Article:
Compared to 2007, the ruling AKP's share of the popular vote increased by four points, reaching fifty percent of the popular vote. This means that the party has not only won three consecutive elections, but has also succeeded in steadily increasing its voter base. Such a result is unprecedented; even Adnan Menderes – who won three successive elections in the 1950s – did not achieve anything similar. In terms of the total number of the AKP's parliamentary seats, these fell from 336 (in 2007) to 326. The drop was a result of the electoral commission's changes to the electoral district boundaries, changes that were carried out with the support of the AKP government. Despite the new boundaries being considered more representative of the country's changing demographic distribution, the redrawing of boundaries harmed the party's prospects. Independent candidates, mostly supporters of the banned Kurdish Workers' Party (PKK), achieved much better results than they did in the 2007 elections, gaining ten seats to make a total of thirty-six. The AKP also made major inroads by penetrating traditional strongholds of the CHP in the coastal cities, winning in Antalya, and taking second place in Izmir.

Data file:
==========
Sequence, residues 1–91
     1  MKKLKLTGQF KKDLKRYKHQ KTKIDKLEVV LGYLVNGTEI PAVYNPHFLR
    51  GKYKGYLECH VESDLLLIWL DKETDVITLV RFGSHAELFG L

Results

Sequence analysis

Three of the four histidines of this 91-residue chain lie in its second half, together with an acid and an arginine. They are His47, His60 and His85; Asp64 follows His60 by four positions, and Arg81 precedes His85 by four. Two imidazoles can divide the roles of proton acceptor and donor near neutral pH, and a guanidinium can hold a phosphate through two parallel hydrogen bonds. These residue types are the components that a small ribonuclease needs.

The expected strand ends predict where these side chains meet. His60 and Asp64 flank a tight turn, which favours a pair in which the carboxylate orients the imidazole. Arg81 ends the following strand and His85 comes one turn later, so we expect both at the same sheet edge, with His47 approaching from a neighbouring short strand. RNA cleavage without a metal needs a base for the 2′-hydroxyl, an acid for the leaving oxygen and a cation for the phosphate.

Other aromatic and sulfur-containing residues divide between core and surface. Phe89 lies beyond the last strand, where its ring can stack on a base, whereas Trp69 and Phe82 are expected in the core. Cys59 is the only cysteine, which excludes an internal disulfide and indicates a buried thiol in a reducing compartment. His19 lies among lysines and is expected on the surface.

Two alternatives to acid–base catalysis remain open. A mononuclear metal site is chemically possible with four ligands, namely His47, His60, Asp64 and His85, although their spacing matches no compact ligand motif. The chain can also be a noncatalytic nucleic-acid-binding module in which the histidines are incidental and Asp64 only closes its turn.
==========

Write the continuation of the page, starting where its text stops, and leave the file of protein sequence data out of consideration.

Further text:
The CHP also increased its share of the popular vote by four points: from twenty-two to twenty-six percent. This is a modest increase considering that the party's new leadership has almost entirely abandoned its traditional Kemalist discourse. The party also benefited from the change in the electoral district boundaries, raising the number of its parliamentary seats from 112 to 135. The CHP's inability to challenge its AKP rivals, and the unprecedented decline in its performance in coastal cities have led to calls for an emergency party congress to replace party leader Kemal Kilicdaroglu.